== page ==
The archetype ecosystems are hard, numbers of archetypes that need to work together intimately and precisely to enable the accurate and safe modelling of clinical data. Physical examination is the perfect example that has been weighing on my mind now for some time. I’ve dabbled with small parts of this over the years, as specific projects needed to model a small part of the physical exam here and there. My initial focus was on modelling generic patterns for inspection, palpation, auscultation and percussion – four well identified pillars of the art of clinical examination. If you take a look at the Inspection archetype clinicians will recognise the kind of pattern that we were taught in First Year of our Medical or Nursing degrees. And I built huge mind maps to try to anticipate how the basic generic pattern could be specialised or adapted for use in all aspects of recording the inspection component of clinical examination.mindmapOver time, I have convinced myself that this would not work, and so the ongoing dilemma was how to approach it to create a standardised, yet extraordinarily flexible solution.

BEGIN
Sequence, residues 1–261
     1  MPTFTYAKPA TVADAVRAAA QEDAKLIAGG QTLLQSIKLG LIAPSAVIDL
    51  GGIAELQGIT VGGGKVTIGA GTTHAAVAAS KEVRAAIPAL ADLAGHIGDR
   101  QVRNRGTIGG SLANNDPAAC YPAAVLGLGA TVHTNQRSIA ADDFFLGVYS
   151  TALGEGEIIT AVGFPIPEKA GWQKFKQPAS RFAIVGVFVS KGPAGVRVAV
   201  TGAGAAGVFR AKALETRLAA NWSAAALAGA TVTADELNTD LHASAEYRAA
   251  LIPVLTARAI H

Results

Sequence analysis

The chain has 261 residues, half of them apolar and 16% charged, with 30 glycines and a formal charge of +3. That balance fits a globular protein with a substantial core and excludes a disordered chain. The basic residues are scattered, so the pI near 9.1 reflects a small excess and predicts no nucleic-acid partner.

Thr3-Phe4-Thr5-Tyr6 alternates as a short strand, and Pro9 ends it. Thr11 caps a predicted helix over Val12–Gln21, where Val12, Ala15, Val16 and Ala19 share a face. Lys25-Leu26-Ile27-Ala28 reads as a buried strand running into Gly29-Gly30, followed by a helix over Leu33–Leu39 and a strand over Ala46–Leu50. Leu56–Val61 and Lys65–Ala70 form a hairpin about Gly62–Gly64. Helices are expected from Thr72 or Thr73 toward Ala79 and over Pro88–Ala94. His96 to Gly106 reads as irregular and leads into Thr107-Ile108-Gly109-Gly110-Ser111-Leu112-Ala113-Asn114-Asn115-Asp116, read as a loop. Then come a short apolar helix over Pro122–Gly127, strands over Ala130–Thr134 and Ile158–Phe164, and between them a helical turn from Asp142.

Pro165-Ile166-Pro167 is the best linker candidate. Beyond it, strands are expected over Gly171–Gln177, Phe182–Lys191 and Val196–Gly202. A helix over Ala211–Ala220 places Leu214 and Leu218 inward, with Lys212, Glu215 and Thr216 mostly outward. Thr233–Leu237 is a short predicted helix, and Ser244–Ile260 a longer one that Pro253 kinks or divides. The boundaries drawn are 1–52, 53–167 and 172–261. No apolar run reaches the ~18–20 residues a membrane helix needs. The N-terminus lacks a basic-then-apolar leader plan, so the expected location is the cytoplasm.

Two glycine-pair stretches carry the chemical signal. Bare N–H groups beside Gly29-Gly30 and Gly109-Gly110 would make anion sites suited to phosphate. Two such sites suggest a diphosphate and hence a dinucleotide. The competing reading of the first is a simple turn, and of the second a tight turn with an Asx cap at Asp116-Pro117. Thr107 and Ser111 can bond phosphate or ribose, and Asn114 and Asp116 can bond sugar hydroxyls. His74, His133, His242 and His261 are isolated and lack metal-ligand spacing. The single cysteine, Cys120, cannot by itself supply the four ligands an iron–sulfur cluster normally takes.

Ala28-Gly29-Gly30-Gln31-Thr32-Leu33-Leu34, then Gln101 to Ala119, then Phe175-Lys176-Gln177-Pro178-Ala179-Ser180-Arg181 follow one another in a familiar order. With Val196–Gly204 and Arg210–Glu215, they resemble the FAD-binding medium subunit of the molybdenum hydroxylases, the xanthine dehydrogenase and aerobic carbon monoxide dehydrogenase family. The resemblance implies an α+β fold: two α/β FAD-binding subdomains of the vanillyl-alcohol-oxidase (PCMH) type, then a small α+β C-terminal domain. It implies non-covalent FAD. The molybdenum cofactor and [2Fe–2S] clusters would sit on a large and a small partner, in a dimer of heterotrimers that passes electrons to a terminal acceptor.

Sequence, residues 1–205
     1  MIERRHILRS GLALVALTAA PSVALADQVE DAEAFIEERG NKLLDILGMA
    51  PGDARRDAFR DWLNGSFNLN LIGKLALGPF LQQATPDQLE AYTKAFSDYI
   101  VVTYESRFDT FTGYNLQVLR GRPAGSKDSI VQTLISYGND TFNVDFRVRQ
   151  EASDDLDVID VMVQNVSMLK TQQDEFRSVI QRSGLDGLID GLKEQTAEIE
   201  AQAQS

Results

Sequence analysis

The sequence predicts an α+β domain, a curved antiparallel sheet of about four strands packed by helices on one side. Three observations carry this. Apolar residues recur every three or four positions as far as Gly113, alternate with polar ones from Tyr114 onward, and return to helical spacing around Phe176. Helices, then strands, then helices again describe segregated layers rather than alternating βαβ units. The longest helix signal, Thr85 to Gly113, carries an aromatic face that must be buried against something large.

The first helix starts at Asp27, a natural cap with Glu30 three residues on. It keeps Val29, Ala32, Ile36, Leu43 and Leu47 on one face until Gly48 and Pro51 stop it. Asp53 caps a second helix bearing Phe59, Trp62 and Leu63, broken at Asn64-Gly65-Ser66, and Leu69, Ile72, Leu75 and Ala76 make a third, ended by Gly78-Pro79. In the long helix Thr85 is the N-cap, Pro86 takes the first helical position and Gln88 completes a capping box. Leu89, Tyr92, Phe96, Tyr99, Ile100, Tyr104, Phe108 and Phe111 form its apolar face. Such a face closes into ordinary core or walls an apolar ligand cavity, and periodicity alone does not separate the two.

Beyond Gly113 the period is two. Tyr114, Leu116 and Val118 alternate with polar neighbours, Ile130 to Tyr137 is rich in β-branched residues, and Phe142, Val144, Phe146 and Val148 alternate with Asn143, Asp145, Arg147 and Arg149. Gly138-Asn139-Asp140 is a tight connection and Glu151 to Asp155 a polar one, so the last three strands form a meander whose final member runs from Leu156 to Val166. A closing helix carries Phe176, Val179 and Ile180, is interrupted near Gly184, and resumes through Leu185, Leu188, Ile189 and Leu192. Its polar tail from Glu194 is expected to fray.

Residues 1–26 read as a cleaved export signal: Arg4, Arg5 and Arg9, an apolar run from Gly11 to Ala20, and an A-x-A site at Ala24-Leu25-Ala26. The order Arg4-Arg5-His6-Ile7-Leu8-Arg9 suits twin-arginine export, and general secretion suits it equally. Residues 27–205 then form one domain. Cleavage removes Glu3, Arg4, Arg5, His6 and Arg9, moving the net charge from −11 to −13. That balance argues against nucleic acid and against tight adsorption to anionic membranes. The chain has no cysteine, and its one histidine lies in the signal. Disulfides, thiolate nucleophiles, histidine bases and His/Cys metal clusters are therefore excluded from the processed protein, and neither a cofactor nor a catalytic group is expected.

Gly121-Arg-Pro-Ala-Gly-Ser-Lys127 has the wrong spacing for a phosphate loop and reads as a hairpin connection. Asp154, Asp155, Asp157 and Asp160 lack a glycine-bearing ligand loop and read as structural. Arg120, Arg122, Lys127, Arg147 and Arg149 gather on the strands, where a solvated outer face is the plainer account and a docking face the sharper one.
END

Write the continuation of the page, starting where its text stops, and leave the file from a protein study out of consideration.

Consider the dilemma of modelling physical examination. How can we capture the fractal nature of physical examination? How can we represent the art of every clinician’s practice in standardised archetypes? We need models that can be standardised, yet we also need to be able to respond to the massive variability in the requirements and approach of each and every clinician. Each profession will record the same concept in different levels of detail, and often in a slightly different context. Each specialty will record different combinations of details. Specialists need all the detail; generalists only want to record the bare basics, unless they find something significant in which case they want to drill down to the nth degree. And don’t forget the ability to just quickly note ‘NAD’ as you fly past to the next part of the examination; for rheumatologists to record a homunculus; for the requirement for addition of photos or annotated diagrams! Ha – modelling physical examination IS NOT SIMPLE!

I think I might have finally broken the back of the physical examination modelling dilemma just this week. Seven years after starting this journey, with all this modelling experience behind me! The one sure thing I have learned – a realisation of how much we don’t know. Don’t let anyone tell you it is easy or we know enough. IMO we aren’t ready to publish standards or even specifications about this work, yet. But we are making good, sound, robust progress. We can start to document our experience and sound principles.

This new domain of clinical knowledge management is complex; nobody should be saying we have it sorted…

Archetype quality I